|Yes No||4 (10.3%)35 (89.7%)||2 (5.3%)36 (94.7%)||11 (29.7%)26 (70.3%)|
|Treatment Group (vs. Group 3) Odds Ratio (95% Cl)||0.275(0.058, 1.048)||0.135(0.014, 0.686)|
Cl= confidence interval FDA conducted a post hoc analysis to assess the outcomes of the patients who presented with or without baseline coagulopathic effect in the three treatment groups. Using the pre-specified criteria for coagulopathic effect, it was found that ANAVIP/ANAVIP (Group 1) had the highest percentage of baseline coagulopathic subjects among the three groups [41.5% compared with 17.5% and 32.5% for the ANAVIP/Placebo (Group 2) and Comparator product (Group 3), respectively]. Thirty-three percent (33%) of all baseline coagulopathic subjects also experienced coagulopathic effect on either Day 5 or 8, compared to only 6% for baseline non-coagulopathic subjects. Only 18% of the subjects with baseline coagulopathic effect in Group 1 continued to remain coagulopathic at Days 5 or 8 compared to 58% in Group 3 (Table 4).
|Baseline coagulopathy||Experienced coagulopathy on either Day 5 or 8||ANAVIP/ANAVIP||ANAVIP/Placebo||Comparator product||Total|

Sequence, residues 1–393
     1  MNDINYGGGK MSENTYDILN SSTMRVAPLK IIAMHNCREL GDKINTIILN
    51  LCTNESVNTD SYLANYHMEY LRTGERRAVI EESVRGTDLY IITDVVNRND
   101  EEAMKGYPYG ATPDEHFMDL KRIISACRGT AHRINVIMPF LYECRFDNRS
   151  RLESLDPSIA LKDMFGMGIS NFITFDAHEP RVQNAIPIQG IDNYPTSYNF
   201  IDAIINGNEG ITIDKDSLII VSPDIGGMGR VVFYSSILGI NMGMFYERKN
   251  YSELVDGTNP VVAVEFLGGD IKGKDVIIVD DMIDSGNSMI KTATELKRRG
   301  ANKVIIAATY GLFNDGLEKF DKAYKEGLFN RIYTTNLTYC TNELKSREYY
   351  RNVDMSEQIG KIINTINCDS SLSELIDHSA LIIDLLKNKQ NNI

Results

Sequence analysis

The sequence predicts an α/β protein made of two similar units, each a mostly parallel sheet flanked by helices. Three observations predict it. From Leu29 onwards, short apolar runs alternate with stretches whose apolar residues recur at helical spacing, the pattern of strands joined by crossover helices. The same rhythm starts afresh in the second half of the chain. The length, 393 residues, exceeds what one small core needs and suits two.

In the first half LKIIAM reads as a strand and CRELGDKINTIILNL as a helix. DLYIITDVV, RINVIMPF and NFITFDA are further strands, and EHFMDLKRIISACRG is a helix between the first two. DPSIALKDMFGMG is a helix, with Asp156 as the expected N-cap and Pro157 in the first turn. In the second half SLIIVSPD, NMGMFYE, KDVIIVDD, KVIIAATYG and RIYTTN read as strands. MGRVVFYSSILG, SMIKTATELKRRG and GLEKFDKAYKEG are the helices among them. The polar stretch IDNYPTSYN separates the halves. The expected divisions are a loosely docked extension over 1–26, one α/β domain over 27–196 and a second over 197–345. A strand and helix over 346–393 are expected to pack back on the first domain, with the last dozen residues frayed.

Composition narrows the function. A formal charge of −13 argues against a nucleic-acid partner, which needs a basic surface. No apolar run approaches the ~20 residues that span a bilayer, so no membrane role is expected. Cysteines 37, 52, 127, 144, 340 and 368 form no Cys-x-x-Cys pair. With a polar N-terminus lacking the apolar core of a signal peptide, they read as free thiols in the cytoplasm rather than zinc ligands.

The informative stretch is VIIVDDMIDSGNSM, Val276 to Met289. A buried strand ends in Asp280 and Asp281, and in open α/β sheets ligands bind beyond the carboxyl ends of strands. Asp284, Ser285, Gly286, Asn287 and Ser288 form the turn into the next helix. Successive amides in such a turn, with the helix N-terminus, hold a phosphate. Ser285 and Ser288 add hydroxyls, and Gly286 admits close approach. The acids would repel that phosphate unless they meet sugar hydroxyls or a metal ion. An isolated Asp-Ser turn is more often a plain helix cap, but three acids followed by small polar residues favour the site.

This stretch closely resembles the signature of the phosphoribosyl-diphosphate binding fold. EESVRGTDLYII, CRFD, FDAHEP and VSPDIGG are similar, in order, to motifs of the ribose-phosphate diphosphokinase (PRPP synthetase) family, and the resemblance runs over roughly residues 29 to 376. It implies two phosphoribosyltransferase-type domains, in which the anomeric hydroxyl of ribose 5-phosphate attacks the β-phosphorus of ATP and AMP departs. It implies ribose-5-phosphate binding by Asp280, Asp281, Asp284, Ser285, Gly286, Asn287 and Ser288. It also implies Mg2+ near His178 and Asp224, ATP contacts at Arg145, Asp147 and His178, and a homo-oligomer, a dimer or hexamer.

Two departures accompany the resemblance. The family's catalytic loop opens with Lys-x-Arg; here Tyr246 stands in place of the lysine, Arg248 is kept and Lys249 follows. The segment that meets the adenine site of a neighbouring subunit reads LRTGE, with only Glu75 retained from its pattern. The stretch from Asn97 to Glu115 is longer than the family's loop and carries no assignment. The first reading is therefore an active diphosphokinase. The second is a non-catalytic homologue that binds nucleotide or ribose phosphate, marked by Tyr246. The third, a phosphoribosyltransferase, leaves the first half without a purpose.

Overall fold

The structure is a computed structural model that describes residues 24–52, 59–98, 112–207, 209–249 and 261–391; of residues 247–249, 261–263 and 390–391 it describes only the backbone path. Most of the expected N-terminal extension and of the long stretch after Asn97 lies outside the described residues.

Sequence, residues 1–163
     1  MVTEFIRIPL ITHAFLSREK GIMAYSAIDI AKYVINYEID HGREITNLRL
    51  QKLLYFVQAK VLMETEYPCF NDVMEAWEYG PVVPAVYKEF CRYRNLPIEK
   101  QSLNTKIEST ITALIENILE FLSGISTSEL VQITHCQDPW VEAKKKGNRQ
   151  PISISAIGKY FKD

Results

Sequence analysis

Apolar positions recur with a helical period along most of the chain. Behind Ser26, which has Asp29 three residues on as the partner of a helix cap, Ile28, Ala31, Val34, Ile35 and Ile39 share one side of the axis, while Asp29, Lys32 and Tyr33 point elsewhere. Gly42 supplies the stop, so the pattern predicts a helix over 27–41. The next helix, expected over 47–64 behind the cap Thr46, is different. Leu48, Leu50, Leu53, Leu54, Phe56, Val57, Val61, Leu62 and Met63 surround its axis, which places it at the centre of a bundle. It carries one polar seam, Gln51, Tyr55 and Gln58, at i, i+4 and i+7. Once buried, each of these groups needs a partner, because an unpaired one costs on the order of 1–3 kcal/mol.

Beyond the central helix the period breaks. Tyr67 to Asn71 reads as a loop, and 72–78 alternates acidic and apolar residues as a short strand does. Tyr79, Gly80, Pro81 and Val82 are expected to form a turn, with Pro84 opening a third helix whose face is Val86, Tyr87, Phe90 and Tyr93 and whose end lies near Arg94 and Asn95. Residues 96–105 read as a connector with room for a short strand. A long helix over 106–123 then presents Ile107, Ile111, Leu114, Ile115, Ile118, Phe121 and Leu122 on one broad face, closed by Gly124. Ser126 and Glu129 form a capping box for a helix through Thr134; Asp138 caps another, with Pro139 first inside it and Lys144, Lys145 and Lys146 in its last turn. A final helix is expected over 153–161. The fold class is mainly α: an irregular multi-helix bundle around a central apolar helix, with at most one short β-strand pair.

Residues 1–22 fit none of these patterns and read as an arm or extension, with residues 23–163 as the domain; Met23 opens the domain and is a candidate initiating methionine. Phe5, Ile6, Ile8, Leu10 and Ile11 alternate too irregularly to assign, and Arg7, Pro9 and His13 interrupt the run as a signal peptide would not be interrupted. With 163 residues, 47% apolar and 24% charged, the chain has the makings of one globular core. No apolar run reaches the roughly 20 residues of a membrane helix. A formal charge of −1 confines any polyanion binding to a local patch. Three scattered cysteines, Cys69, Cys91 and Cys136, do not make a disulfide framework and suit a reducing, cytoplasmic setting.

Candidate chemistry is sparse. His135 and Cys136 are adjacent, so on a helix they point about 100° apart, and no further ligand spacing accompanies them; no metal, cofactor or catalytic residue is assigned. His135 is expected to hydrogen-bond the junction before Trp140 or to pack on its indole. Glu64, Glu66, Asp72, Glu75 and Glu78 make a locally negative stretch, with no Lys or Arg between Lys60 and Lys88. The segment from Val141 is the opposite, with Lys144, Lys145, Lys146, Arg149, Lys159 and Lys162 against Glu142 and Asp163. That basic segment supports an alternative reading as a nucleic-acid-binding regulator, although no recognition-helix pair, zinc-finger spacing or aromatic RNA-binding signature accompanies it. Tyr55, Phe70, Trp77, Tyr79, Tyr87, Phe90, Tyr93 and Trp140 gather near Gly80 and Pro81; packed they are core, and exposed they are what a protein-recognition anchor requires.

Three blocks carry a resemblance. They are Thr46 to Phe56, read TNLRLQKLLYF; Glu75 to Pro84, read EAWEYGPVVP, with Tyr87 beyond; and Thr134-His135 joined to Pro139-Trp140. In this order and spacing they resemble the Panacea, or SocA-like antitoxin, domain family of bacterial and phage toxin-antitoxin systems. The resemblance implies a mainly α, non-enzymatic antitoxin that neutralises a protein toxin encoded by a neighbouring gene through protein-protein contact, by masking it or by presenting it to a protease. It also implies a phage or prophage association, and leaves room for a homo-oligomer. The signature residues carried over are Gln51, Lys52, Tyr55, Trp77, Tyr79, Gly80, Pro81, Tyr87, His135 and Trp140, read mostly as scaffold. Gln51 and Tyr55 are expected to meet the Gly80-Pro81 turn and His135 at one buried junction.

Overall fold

|Yes||Number of subjects||N=17||N=7||N=12||N=36|
|Yes||3 (17.65%)||2 (28.57%)||7 (58.33%)||12 (33.3%)|
|No||14 (82.35%)||5 (71.43%)||5 (41.67%)||24 (66.7%)|
|No||Number of subjects||N=22||N=31||N=25||N=78|
|Yes||1 (4.55%)||0 (0%)||4 (16%)||5 (6.4%)|
|No||21 (95.45%)||31 (100%)||21 (84%)||73 (93.6%)|
An exact logistic regression analysis adjusting for baseline coagulopathic effect and region was conducted and showed that treatment effect for both Groups 1 and 2 is statistically significant (Table 5). This analysis provides supportive evidence of the efficacy of ANAVIP.
|Group 1 (N=39) ANAVIP/ANAVIP||Group 2 (N=38) ANAVIP/Placebo|
|Treatment Group (vs Comparator product)Odds ration (95% Cl1)||0.184 (0.033, 0.794)||0.121 (0.010, 0.764)|
1 Cl= confidence interval
Analysis by snakebite type was performed but was limited due to the number of unknown snakebite types (N=43). However, 57 subjects who were envenomated by rattlesnakes showed more severe coagulopathic effects and resolution of these effects after treatment with ANAVIP as compared to 21 subjects who were envenomated by copperhead snakes. Efficacy outcomes could not be evaluated in the copperhead snake bite subgroup due to these limited coagulopathic effects.